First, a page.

Nothing Happens Till Sales Happens!
The young CEO of a just funded startup and a board member met with a clutch of potential customers over a couple of days. They pitched the company, listened to what these customers had to say and, in short, received a lot of feedback on monetization of their offerings. On the way back from the meetings, they talked about implementing changes in the company and in the product that would facilitate monetization. However, the talk didn’t translate into action within the company. The young CEO had remained focused on making the product more robust and with more features and capabilities.
Another CEO who was on a rare visit to another city for an investor meeting when asked how he planned on spending his time before and after the investor meeting, said he didn’t really have anything else scheduled except for meeting some potential technical hires later that evening. There was no time scheduled for meeting potential customers and partners.
These are but two examples of how very many startup CEOs, particularly inIndia, are more comfortable with activities inside the company than with the outside. Unfortunately, 70%+ of any company’s success (and costs) depends on how it’s offerings are marketed, how quickly is sales traction gained, how it engages with customers, how a partner ecosystem is developed and the like. The product offering itself and the rest of the company contribute to around 30% of the success and cost. Thus product management (from customer requirements to road map to pricing and packaging) to product marketing (from positioning to channels to launch to managing customers) to branding to sales are crucial in creating the conditions for a company’s success. Iterations in the company’s offerings take place based on feedback, insights that take place based on dialogue with customers and the market. Product marketing, branding and sales are activities that require an enormous amount of direct and constant customer engagement while product management essentially works with the development and delivery teams on converting insights and market understanding into a better product offering.
A CEO who is comfortable with and therefore remains focused only on attempting to improve the product offering but isn’t keen on sales or customer interactions isn’t a CEO who can take a company forward. Attempting to improve a product without a constant iterative process of engagement with customers can be very dangerous as well. Getting out of one’s comfort zone and engaging with the market is a crucial attribute for a CEO. It has to be consciously cultivated and pursued and the CEO has to learn to sell his or her vision of the company, learn to receive feedback, filter the feedback, make the required changes in the path of the company, execute the plan and then start the process of taking feedback all over again. The reason for being in business for any business is business and business only occurs in the market when customers pay money to buy a company’s offerings. This reality must never be lost sight of by any CEO who at the end of the day is responsible for the company’s numbers. Without sales, organization momentum disappears, employees lose motivation, investors lose interest and before long, the company implodes.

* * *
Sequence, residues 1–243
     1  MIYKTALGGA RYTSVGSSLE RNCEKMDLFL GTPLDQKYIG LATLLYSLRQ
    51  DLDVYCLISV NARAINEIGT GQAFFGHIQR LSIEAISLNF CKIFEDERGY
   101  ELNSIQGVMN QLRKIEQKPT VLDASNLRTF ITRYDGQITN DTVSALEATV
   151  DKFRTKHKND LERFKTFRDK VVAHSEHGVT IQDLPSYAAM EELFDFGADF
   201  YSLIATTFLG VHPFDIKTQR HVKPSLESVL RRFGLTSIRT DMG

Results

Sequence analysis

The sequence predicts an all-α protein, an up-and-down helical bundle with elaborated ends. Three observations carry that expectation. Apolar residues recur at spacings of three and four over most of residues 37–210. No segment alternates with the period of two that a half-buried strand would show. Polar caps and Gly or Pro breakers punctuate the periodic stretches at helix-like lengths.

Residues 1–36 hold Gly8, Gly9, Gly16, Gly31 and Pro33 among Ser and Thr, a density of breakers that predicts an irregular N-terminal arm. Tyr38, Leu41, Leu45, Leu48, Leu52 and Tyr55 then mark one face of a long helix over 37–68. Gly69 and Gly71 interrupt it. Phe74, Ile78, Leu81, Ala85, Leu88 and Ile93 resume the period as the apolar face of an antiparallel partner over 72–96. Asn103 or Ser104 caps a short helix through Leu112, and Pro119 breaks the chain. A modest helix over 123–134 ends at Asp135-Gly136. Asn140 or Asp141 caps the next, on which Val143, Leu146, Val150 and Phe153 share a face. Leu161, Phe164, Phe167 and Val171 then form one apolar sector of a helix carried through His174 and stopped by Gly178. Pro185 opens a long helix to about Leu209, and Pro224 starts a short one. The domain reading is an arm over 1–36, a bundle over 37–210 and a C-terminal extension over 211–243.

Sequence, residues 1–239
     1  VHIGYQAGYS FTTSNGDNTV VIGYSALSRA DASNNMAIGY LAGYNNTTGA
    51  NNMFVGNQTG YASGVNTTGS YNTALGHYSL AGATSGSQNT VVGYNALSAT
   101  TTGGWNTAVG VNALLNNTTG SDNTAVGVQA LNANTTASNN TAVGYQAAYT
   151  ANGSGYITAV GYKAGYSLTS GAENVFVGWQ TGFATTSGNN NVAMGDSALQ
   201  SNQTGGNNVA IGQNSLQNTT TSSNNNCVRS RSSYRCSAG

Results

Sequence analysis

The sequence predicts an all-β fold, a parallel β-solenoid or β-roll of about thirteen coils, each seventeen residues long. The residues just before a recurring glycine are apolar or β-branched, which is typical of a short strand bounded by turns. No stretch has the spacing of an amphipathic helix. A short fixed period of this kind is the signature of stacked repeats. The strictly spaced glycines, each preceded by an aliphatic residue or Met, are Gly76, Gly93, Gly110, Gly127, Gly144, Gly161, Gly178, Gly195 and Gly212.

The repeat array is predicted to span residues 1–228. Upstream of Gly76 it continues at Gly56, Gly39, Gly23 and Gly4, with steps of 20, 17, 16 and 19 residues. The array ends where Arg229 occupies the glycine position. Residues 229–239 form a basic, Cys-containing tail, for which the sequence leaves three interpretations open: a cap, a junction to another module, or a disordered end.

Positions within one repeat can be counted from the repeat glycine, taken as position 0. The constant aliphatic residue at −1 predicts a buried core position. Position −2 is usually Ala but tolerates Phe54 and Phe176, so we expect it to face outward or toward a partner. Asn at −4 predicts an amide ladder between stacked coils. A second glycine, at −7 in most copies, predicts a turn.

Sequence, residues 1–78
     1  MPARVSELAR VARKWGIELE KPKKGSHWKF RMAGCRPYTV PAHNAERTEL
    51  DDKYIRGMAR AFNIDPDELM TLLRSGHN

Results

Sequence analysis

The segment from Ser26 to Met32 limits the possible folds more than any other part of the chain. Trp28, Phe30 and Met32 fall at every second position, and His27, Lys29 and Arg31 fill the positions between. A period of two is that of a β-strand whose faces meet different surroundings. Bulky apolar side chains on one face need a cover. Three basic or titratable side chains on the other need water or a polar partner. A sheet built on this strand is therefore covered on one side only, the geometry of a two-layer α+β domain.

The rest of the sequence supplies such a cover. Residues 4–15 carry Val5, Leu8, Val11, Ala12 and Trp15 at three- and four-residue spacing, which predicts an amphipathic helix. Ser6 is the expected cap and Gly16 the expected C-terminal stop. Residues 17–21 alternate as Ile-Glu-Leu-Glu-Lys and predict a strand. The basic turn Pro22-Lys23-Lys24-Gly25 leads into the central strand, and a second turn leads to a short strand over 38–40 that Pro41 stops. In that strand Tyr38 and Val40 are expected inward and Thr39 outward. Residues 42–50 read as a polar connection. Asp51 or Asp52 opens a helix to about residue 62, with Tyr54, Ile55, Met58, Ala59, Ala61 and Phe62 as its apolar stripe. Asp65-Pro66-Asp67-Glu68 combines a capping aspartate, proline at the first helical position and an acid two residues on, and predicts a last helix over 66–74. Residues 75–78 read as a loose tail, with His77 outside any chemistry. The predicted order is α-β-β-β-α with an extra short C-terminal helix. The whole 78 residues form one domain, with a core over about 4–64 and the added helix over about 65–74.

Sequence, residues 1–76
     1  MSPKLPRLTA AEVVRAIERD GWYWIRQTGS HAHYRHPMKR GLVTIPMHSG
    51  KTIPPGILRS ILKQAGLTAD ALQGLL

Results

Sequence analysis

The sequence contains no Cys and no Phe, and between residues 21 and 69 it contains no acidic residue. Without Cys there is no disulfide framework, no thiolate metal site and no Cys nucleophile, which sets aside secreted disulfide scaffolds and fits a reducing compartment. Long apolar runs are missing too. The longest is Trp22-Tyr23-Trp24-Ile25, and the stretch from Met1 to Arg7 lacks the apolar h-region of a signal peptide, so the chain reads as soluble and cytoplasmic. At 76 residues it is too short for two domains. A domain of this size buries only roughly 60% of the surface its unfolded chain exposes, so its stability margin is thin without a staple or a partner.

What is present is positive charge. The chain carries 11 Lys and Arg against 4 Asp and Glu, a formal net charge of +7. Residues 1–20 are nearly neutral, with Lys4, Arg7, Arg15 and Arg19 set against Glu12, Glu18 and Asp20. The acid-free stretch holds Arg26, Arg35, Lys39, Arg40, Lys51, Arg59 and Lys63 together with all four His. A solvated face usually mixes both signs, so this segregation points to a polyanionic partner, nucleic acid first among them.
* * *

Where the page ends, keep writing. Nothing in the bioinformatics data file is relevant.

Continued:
Getting out of one’s comfort zone and pushing oneself to do sales – meeting customers, refining the sales pitch, facing rejection, understanding customer requirements, dealing with objections, crafting and communicating a value proposition vis-à-vis competition, negotiating and managing the sales and post sales process – is therefore something that a CEO needs to quickly learn.
The history of entrepreneurs and startups is littered with stories of great products and services that no one bought. Great products and services are created by interacting and engaging with a market and customers. Here’s a cliché regarding sales that’s worth repeating and internalizing by all CEOs. Richard Motley, who as President and publisher of Parade magazine (America’s most widely read magazine with over 32million readers) from 1946 to 1978 took circulation from 2 million to 19million during his tenure and was known for his sales prowess, had this to say “Nothing happens until somebody sells something”.